This is now the second post, but it’s about (as you might guess from the title of this post) something new. As of today, my second internship is in an occupational therapy office. The first question I usually get from people both in Germany and the United States when I say occupational therapy (or Ergotherapie, depending which language I happen to be speaking) is “Oh, I’ve heard of that…what is it?” Until about a month ago I was among the people asking that question.

To be very brief, (and this is still a lot of impressions since I haven’t seen a ton of therapy in practice yet) occupational therapy is therapy for kids (some adults, too) who have some sort of problem with orienting themselves or other objects in the space around them. It’s working on motor skills, balance, concentration, and so on. When the actual methods were being described to me for the first time (by a girl in school who also is interning there a couple hours a week), I must admit I was a bit skeptical. “What do you do there?” “Oh, we play games, or sew, or build things, or paint!” Not exactly what Ms. Brown here thinks of as therapy that’s worth paying for.

Clearly, I have changed my mind, or else I would not have decided to start interning there. After I started my first internship with the disabled, I got the chance to see what occupational therapy is for myself. There are three people from the group that I am working with who go to the office once a week for therapy and as an intern, I get the option to go with. Always looking to learn something new, I thought going with would be a wonderful idea. The first time I was there with two people from my group-one blind, the other not. The goal that time was to first build a pyramid out of cans and then try to knock it down by throwing balls at it. Suddenly I understood the point of occupational therapy. Knocking down a pyramid of cans is not necessarily a simple task. What was the most interesting for me to see that day was the difference between the beginning of the session and the end of it. There was a noticeable difference that is difficult to describe but that was definitely positive.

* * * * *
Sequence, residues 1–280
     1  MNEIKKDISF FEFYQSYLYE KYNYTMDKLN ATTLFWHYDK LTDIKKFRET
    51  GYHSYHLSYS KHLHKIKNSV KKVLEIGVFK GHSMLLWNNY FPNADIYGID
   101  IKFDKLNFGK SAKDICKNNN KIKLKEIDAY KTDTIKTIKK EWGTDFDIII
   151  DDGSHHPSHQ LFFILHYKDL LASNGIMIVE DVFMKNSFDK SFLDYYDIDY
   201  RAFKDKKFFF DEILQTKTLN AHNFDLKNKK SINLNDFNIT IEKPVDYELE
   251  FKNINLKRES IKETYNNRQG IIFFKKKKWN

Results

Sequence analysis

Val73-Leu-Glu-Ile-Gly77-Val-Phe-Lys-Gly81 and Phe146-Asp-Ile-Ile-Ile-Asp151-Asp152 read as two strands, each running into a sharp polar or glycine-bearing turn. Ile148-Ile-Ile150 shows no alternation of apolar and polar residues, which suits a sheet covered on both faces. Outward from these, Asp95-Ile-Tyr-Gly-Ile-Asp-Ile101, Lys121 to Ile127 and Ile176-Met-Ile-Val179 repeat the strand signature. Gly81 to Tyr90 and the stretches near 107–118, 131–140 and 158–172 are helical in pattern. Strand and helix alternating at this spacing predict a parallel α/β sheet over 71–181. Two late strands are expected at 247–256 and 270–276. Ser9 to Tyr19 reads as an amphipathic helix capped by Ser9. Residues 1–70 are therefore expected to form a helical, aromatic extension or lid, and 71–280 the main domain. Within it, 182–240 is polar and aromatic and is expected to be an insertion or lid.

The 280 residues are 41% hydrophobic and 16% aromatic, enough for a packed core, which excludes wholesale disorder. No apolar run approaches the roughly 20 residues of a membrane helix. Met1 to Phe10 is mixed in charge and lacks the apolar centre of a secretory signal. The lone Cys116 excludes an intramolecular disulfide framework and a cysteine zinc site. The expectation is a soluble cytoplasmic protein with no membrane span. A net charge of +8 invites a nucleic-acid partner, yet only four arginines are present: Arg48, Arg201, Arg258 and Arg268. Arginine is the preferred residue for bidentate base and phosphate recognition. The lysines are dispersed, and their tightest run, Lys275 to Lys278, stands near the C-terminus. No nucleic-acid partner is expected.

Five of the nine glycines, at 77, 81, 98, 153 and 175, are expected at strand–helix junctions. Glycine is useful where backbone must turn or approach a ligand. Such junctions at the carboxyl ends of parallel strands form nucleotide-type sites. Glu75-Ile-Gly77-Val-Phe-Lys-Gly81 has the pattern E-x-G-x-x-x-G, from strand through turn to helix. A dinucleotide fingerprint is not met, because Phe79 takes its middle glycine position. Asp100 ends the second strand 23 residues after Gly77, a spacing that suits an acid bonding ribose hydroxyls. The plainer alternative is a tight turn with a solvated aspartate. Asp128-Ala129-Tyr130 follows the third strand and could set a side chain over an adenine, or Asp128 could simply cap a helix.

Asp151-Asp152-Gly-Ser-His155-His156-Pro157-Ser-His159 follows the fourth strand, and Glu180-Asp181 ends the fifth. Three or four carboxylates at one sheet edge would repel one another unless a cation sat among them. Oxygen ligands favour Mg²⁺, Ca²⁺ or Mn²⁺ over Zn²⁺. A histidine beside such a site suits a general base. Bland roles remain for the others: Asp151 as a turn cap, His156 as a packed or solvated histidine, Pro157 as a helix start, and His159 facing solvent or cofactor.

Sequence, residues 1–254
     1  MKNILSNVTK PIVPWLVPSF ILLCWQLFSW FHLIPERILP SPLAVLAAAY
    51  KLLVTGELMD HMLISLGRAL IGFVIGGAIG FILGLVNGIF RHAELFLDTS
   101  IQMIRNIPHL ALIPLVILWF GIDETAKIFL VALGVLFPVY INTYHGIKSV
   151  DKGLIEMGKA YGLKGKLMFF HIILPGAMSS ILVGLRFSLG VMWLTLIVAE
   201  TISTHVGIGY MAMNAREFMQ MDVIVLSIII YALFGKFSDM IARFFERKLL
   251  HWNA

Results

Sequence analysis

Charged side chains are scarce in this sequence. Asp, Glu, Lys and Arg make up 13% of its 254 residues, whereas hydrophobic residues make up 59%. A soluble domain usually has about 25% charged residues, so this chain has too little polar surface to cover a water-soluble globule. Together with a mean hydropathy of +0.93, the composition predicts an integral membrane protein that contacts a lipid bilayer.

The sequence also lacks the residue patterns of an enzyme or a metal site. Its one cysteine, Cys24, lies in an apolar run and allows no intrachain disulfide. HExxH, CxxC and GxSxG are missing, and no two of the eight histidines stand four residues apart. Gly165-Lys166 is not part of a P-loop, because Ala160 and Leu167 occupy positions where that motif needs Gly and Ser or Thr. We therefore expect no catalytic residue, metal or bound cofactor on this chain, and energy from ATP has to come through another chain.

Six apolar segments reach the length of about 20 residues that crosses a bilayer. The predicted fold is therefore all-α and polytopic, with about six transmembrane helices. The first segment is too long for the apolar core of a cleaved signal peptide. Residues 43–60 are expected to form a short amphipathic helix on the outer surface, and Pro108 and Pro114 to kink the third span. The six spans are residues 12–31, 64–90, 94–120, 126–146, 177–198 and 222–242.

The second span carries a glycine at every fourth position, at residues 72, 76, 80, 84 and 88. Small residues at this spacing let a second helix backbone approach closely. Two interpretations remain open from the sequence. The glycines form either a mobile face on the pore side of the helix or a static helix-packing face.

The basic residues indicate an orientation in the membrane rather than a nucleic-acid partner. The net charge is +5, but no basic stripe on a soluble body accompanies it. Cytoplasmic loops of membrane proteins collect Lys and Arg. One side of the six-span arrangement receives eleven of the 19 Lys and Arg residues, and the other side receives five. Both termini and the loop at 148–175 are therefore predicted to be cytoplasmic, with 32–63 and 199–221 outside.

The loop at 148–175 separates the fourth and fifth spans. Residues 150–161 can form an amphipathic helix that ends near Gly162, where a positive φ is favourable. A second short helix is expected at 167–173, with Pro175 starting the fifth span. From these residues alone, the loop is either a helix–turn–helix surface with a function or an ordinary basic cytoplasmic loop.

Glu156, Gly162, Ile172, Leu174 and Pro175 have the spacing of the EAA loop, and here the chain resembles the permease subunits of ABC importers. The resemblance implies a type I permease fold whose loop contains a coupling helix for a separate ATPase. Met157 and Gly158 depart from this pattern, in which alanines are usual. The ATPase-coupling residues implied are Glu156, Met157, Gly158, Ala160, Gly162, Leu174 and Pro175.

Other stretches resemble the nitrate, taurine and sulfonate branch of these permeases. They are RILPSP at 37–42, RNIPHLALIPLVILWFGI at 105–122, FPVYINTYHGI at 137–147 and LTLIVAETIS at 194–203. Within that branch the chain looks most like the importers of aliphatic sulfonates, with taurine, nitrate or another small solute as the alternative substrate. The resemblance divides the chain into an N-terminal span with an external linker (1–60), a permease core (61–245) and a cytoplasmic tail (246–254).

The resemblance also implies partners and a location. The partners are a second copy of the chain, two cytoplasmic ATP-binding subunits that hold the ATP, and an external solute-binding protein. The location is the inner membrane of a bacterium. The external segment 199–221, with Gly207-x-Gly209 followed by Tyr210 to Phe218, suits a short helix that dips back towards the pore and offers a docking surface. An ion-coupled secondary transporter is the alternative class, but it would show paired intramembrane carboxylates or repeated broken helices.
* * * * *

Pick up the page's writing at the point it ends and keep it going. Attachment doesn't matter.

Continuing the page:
After day one of officially being an intern, I am even more intrigued. For the first time I saw kids in elementary and middle school cooking and having to work at thinking about what they needed and in what order. Another girl (blind) standing on an oversized swing and enjoying herself.

Three months ago I had no idea what occupational therapy was. Now I’m officially an intern as an occupational therapist. Learning curve is once again high (as I can tell by my current state of exhaustion) but that is a good thing.

PS…Notice this is the second post in two days? That means I wasn’t lying when I said I’m starting to write again.

A Short Note on the Title of this Blog

Not the URL. The URL is obvious. If you don’t understand it, it’s because I’m saying ‘Hello’ to Germany for the year.

The other title. The ‘And Then There Was One’ title. Superficially, that’s pretty obvious as well. But I’m pretty proud of myself for coming up with that title before I arrived here. It’s like I knew what was going to happen or something.

Let me give you a short story of my life. 1993, Katherine Brown is born in a hospital in New York City and presumably (although I don’t remember this part) immediately handed to one or the other of her parents. She had approximately one minute of only-childhood. One minute that she doesn’t remember. From the second minute of my life up until I came here, I was one of two. One of a pair. Sort of like Salt and Pepper. They can be independent of each other, but they are forever going to belong together because…well, just because.

And then, suddenly, there was one. Alone, in Germany. I guess you could say one of the most important reasons for this year is exactly that. To learn what it’s like to be one instead of two. To go to school and for people to still not know I have a twin. To have an identity that is in no way associated with hers.

It’s working, this whole ‘And Then There Was One’ concept. Instead of thinking to myself “I don’t know, I think I’ll ask Sophia”, I have to think to myself “I don’t know, I guess I’ll have to make up my mind”. Instead of asking for company (aka support) to start up an awkward or uncomfortable conversation or a new situation, I have to just go for it myself.

It’s a good feeling. Good for my self confidence. Salt and Pepper CAN stand alone. They don’t necessarily prefer it, but in some cases it’s good (I personally don’t put pepper in my pasta water).

So here’s to Sophia. And here’s to me. And here’s to both of us, together. First there were two, and then…There Was One.